If you've ever wanted to upgrade to the expensive TrekPak system for your Pelican case but can't justify the expensive cost, I'll show you how I built a pretty good replica for about $40 with stuff you can buy from Amazon and Lowes.
Ever since I picked up my Pelican cases to replace my camera backpack, I've been in love. The Pelican case is rugged, near indestructible, and travels well. It has kept my camera gear well protected once I switched over. I started out with the included pluck and chuck foam that most cases come with by default. I bought a padded foam insert for my second Pelican case, which has worked fine. But I've always had my eye on the TrekPak divider system but I was having a hard time paying as much for the dividers that I paid for my case in the first place.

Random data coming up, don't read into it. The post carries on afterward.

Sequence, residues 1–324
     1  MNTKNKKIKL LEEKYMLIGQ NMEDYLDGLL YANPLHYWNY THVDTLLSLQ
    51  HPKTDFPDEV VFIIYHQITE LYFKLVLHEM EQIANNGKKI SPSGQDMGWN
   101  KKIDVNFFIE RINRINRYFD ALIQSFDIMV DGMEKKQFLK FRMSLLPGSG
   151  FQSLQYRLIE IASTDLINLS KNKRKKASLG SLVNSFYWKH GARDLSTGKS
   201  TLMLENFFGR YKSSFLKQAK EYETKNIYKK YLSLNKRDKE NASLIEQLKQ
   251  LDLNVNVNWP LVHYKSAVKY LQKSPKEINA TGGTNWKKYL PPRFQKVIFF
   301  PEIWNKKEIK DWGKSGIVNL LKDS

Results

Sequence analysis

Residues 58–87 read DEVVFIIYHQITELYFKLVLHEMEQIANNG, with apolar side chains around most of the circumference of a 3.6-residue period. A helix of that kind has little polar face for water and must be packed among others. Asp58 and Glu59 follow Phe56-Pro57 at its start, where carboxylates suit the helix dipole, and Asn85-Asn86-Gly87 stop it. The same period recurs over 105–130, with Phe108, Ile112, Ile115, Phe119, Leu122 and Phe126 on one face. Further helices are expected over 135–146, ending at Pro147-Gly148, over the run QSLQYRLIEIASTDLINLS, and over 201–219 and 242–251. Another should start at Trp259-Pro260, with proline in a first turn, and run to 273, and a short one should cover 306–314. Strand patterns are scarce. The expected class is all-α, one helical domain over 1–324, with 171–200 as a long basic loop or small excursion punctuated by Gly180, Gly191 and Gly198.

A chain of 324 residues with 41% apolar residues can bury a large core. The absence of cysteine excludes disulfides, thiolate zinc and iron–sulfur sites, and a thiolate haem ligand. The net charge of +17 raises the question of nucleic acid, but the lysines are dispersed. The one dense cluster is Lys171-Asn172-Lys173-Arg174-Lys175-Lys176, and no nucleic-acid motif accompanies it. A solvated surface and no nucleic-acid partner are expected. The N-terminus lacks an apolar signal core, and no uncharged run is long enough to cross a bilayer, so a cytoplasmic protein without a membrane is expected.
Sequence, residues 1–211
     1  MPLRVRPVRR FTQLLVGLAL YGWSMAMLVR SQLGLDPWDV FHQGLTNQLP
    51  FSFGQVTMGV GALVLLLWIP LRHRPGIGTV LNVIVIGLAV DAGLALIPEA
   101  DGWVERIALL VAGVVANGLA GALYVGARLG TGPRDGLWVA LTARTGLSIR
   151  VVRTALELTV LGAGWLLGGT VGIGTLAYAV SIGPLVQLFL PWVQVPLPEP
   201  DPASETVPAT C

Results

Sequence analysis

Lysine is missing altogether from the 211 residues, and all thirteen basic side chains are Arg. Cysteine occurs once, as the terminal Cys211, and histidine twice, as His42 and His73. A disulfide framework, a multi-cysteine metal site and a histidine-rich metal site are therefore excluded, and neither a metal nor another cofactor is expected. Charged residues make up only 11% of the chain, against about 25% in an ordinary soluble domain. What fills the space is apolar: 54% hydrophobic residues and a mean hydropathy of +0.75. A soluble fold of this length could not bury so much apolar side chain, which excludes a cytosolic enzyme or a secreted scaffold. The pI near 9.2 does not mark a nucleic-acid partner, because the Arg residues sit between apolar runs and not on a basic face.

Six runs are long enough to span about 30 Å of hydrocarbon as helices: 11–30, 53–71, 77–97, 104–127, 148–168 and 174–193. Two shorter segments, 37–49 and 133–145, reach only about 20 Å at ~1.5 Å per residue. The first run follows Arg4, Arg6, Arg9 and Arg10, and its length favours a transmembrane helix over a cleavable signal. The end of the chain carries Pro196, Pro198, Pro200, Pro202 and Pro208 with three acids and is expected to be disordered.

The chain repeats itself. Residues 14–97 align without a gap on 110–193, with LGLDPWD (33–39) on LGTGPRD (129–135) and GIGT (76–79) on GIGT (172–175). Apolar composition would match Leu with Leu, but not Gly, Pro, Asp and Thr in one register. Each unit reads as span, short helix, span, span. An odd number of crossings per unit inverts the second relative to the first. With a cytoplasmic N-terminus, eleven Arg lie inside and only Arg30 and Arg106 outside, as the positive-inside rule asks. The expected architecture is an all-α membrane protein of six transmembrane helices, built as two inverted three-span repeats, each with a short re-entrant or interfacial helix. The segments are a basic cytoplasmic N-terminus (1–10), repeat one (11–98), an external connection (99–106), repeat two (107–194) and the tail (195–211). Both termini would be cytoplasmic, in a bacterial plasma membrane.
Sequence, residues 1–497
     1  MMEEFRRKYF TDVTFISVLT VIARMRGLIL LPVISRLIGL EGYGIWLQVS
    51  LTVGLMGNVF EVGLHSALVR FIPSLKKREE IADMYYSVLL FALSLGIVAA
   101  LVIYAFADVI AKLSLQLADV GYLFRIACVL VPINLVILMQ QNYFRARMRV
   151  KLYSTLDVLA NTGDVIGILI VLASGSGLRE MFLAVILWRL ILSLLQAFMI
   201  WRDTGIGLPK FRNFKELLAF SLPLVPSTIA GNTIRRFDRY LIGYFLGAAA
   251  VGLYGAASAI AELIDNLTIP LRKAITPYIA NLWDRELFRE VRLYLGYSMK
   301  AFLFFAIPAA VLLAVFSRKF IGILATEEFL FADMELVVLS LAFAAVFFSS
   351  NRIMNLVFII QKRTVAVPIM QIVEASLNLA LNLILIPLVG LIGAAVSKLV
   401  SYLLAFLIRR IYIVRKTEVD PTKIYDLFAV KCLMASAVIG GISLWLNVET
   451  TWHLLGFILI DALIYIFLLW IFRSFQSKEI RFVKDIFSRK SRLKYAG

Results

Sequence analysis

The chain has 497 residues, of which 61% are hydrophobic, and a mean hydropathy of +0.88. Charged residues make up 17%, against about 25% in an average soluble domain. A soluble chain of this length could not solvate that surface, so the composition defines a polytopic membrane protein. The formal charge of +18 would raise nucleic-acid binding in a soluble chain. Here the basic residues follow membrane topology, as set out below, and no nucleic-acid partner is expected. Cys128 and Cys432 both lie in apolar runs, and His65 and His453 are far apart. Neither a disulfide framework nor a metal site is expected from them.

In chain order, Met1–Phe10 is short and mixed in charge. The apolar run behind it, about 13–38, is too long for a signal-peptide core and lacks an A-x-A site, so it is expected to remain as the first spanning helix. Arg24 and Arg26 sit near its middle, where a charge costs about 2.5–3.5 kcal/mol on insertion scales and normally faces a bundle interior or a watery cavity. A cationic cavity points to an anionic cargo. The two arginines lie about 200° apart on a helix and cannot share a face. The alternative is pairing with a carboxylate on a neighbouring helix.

Pluck and chuck vs padded dividers
I thought the pluck and chuck foam would be fine. It seemed like a good enough fit and held everything in its exact spot. The problem with the foam is that it wears out over time. Some of the foam bits start to fall out and it loses its shape. After only 1 year of light use (taking my camera out to shoot less than once per week), the foam was already coming loose. I had to hold the foam in place when I took out my camera or a lens because the foam wanted to come with it. This was really annoying.